# Display two parallel axes on a ggplot (R)

Let's say we have a simple plot of the following kind.

``````library(ggplot2)
df = data.frame(y=c(0,1.1,2.3,3.1,2.9,5.8,6,7.4,8.2,9.1),x=seq(1,100, length.out=10))
ggplot(df,aes(x=x,y=y)) + geom_point()
``````

`x` perfectly correlates with `z`. The relation is: `Constant=x^2*z=1.23` therefore I could rewrite the data.frame like this:

``````df = cbind(df,1.23/df\$x^2)
``````

The question is:

How can I display both variables `x`and `z`one the x-axis? It could be one at the bottom and one at the top of the graph or both at the bottom.

• it's not possible in ggplot2. It could be hacked with grid, but every time one does that, hadley kills a Camel. Aug 29, 2013 at 11:34
• If you want secondary axes don't use `ggplot2`. It's much easier with base graphics (or possibly lattice). Aug 29, 2013 at 12:18
• If anybody comes here after such a long time: this is now supported by ggplot2 ggplot2.tidyverse.org/reference/sec_axis.html The doc only shows a secondary y example, but it works as well with `scale_x_continuous`
– xav
Mar 26, 2018 at 10:47

Here's a dangerous attempt. Previous version with a log-scale was just wrong.

``````library(ggplot2)
df = data.frame(y=c(0,1.1,2.3,3.1,2.9,5.8,6,7.4,8.2,9.1),
x=seq(1,100, length.out=10))
df\$z = 1.23/df\$x^2

## let's at least remove the gridlines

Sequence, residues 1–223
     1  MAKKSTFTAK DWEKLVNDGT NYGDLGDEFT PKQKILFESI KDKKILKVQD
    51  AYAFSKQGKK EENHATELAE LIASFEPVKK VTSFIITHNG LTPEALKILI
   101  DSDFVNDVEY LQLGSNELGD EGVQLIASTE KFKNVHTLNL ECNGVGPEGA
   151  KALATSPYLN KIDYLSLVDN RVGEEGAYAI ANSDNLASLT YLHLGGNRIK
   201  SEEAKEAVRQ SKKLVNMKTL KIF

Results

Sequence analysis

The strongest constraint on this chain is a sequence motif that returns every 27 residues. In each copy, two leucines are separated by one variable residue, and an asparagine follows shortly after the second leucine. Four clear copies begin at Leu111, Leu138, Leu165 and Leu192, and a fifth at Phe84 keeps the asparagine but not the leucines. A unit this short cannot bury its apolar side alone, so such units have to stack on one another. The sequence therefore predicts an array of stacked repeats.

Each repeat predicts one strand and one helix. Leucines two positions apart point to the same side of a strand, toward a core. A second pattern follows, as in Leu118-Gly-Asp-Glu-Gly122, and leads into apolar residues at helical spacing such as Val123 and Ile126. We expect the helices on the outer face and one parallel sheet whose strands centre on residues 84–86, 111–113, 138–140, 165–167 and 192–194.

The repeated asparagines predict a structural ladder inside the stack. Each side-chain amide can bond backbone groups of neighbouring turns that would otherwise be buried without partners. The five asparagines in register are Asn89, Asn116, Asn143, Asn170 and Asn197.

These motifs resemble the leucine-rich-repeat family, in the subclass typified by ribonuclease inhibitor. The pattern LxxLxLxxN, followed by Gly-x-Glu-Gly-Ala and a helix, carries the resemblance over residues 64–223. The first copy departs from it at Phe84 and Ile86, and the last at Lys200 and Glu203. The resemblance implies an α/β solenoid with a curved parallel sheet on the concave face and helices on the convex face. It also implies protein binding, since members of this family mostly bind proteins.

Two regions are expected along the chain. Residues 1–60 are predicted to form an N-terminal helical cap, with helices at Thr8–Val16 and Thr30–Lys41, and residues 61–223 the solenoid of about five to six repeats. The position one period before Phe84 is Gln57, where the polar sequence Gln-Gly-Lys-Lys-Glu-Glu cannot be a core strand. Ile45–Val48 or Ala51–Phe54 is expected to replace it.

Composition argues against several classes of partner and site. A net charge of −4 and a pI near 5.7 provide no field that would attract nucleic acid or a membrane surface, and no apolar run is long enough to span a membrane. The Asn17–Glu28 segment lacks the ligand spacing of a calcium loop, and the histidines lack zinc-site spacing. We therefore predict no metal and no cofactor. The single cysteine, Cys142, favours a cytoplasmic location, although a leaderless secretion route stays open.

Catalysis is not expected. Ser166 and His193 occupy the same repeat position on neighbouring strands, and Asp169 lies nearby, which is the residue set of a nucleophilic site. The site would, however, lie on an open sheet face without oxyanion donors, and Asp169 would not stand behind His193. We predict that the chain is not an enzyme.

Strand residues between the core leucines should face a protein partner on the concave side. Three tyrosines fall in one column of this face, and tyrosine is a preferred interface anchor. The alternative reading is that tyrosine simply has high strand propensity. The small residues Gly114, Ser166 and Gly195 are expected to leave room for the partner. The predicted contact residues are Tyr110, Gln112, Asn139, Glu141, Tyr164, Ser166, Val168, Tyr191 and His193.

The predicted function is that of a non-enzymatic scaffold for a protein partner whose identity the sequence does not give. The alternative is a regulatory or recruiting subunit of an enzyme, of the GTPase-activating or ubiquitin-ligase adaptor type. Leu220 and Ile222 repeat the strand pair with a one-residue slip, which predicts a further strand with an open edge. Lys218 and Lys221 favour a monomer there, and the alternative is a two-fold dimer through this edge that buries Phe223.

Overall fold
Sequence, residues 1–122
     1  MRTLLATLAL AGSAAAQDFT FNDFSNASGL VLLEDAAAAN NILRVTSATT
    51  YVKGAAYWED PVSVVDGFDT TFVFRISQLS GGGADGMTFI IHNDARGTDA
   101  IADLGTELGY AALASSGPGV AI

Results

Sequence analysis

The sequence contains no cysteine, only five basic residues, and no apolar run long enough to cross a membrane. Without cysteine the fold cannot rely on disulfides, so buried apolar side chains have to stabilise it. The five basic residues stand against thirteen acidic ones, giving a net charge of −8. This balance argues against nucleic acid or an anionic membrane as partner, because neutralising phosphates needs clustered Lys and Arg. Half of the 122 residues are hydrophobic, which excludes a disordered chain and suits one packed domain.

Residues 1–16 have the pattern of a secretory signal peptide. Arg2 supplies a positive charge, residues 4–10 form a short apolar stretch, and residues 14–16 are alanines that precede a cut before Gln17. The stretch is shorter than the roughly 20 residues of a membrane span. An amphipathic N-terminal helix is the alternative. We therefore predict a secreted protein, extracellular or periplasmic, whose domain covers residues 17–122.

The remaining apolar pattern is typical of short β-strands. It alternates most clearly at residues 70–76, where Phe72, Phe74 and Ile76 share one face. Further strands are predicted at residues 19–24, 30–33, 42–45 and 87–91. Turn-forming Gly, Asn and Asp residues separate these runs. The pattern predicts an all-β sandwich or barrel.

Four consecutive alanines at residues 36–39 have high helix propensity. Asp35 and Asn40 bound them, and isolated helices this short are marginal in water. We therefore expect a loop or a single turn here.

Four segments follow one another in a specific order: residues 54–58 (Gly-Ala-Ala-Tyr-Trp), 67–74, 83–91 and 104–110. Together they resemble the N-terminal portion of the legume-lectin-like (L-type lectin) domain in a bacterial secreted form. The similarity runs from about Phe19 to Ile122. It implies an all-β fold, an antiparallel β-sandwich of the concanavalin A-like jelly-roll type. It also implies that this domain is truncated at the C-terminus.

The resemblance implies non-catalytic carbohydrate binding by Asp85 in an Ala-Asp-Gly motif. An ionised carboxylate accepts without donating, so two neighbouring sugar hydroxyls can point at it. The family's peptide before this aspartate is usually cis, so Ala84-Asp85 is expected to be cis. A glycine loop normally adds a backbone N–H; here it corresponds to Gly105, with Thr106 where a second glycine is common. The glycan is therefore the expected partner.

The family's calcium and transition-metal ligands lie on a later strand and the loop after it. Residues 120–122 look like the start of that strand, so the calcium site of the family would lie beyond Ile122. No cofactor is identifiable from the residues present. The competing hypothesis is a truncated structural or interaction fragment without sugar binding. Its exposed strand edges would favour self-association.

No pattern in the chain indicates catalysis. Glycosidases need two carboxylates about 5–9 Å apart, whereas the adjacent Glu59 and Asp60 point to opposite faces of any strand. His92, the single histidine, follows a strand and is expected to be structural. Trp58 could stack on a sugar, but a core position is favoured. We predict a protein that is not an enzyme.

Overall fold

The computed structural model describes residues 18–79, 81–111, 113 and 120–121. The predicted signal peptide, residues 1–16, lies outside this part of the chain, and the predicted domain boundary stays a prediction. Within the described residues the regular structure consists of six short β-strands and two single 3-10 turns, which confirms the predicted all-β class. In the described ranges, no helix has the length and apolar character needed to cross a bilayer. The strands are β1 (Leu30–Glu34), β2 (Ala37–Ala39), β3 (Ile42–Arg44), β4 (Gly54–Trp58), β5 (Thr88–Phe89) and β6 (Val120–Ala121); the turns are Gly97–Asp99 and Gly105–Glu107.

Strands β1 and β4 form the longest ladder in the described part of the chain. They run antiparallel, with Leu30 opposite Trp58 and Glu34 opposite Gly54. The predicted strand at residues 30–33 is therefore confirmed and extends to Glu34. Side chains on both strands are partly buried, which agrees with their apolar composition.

p1 <- ggplot(df,aes(x=x,y=y)) + geom_point() +
scale_x_continuous(expand=c(0,0)) +
theme(panel.grid.major=element_blank(),
panel.grid.minor = element_blank())

## make sure both plots have expand = c(0,0)
## otherwise data and top-axis won't necessarily be aligned...
p2 <- ggplot(df,aes(x=z,y=y)) + geom_point() +
scale_x_continuous(expand=c(0,0))

library(gtable)
g1 <- ggplotGrob(p1)
g2 <- ggplotGrob(p2)
tmp <- gtable_filter(g2, pattern="axis-b")

## ugly tricks to extract and reshape the axis
axis <- tmp[["grobs"]][][["children"]][["axis"]] # corrupt the children
axis\$layout <- axis\$layout[2:1,]
axis\$grobs[][["y"]] <- axis\$grobs[][["y"]] - unit(1,"npc") + unit(0.15,"cm")
## back to "normality"

grobs=list(gtable_filter(g2, pattern="xlab"),axis),
t=c(1,3), l=4)
grid.newpage()
grid.draw(g1)
`````` A both-on-the-bottom approach can be done with the excellent `cowplot` library.

``````library(ggplot2)
library(cowplot)

data <- data.frame(temp_c=runif(100, min=-5, max=30), outcome=runif(100))

plot <- ggplot(data) +
geom_point(aes(x=temp_c, y=outcome)) +
theme_classic() +
labs(x='Temperature (Celsius)')

x2plot <- ggplot(data) +
geom_point(aes(x=temp_c, y=outcome)) +
theme_classic() +
scale_x_continuous(label=function(x){round(x*(9/5) + 32)}) +
labs(x='Temperature (Fahrenehit)')

x <- get_x_axis(x2plot)
xl <- get_plot_component(x2plot, "xlab-b")

plot_grid(plot, ggdraw(x), ggdraw(xl), align='v', axis='rl', ncol=1,
rel_heights=c(0.8, 0.05, 0.05))

``````